Perhaps the first time you will have ever teed off over a topiary! A bit Mickey Mouse, perhaps, but the shrubs serve the same purpose as gorse might on a Scottish links. The green is open at the front, but flanked by bunkers, and feeds from the left.9th hole – par 5 – 499y
An open tee shot to reachable territory, but a tree at the turn-point of the dogleg means an aggressive second will have to be cut along the sweeping line of the fairway, or hooked from over dead ground that will mean a lost ball. Without that tree is a brainless brawn-fest, with it, it’s a clever little hole, with a cheeky, sloping bunkerless green.10th hole – par 4 – 453y
Adding to the challenge posed by the length is the creek that crosses the fairway at 275yds: a long drive, but with the steep downhill fairway, one you cannot rule out if you take driver. From there, the land slopes hard left, towards thick bush and a deep grass bunker. The green slopes so severely that little more than a third is pinnable.11th hole – par 3 – 180y
The green sits in an aphitheatre about 5yds above the tee. The putting surface can be accessed by a bank over the short-right bunker, but short, left and long are all poor options possibly involving a penalty stroke. The green contours are not severe, but they are enough to keep you thinking once you have a putter in your hand.12th hole- par 4 – 365y
A beautiful setting, and a great hole. The tee is again raised, giving a clear view of what is required. The safe play is an iron to the bottom of the hill, but a drive that flirts with the creek snaking up the left will mean just a short iron or wedge into a heavily-contoured green with a false front.13th hole – par 4 – 380y
Back to the difficult land. A mid-length par four where a drive in the left side of the fairway gets the best angle into the green, but anything missing left will have a tall tree 40yds short of the green to contend with, forcing a safe approach to the right of the large green.14th hole – par 4 – 321y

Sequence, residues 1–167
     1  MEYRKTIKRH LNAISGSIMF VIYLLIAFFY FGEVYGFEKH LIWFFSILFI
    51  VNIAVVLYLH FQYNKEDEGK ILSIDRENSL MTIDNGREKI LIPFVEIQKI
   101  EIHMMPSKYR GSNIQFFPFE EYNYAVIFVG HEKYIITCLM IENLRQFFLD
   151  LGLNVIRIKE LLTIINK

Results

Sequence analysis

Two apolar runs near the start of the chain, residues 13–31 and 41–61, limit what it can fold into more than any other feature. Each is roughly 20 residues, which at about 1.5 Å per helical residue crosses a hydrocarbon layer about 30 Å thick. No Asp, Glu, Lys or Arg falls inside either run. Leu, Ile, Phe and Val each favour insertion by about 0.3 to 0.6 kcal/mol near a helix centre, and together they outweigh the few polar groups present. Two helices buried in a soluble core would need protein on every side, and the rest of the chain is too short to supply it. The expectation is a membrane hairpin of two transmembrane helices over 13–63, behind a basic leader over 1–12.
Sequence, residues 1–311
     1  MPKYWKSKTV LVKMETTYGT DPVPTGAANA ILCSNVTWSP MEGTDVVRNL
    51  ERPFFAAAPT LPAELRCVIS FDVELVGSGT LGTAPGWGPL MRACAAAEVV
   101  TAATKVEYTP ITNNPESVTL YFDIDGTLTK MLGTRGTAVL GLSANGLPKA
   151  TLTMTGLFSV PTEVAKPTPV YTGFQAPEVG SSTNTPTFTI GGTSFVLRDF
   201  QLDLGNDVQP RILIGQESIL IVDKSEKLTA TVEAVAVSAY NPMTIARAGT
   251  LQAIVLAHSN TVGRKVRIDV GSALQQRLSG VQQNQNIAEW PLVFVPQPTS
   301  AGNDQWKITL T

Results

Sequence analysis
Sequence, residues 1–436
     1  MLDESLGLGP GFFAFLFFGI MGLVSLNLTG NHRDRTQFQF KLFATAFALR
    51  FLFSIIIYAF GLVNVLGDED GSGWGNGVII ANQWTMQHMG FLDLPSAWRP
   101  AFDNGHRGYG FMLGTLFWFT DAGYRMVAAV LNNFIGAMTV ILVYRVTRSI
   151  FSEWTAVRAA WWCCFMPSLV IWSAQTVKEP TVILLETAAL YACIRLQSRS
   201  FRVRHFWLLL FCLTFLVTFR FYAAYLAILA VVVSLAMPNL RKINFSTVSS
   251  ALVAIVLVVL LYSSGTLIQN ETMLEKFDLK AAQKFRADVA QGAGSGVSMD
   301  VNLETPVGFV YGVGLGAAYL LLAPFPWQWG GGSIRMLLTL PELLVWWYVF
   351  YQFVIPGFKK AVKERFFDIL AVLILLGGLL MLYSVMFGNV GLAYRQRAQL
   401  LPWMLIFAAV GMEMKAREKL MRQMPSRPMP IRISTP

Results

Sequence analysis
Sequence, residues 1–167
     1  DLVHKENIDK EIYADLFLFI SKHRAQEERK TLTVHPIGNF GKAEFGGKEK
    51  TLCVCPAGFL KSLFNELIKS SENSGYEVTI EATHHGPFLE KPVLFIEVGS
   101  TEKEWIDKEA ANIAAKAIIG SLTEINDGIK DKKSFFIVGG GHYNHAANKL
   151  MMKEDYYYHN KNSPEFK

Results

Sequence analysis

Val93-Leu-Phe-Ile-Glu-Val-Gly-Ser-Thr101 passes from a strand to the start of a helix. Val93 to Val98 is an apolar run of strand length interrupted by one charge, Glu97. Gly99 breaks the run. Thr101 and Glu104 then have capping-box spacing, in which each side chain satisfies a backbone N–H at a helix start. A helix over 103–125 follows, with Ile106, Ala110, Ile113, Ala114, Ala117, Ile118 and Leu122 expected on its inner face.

The most open hole on the course brings the chance to open your shoulders, but a drive of 250yds or so will bring Colt’s mounding into play. It hides the flat land in front of the green, playing havoc with depth perception when coupled with the steep hill the green is built atop. Many holes do feel as though the trees have encroached, and maybe this is how Canterbury GC felt 75 years ago: open and spacious.15th hole – par 4 – 392y
The bold green – built-up with massive bunkers either side – is the feature of the hole, with a drive that huge the right earning the A-line in. A good example where the bunkers could have each been converted into two smaller hazards, but the grandeur would have been lost.16th hole – par 4 – 378y
Continuing along the side-hill encountered on the previous hole, the strategy is the same. The green is angled to the right, and a deep grass bunker to the left is hard to see from the driving area.17th hole – par 3 – 195y
A quarry short and left creates a dramatic view from the tee, looking up to the green some 10-15yds higher. A bunker short right is merely a better class of purgatory than the quarry. Like the par threes that have preceded it, it rewards only a well-struck and accurate shot, with very few kind landing areas off the putting surface.18th hole – par 5 – 490y
Built by Colt as a straight-away par five, the 18th now doglegs right to steer drives away from the public driving range. A similar shape and length as the 9th, but here it is a cluster of bunkers that deters you from attacking the green with your second. The two-tier green is an original element.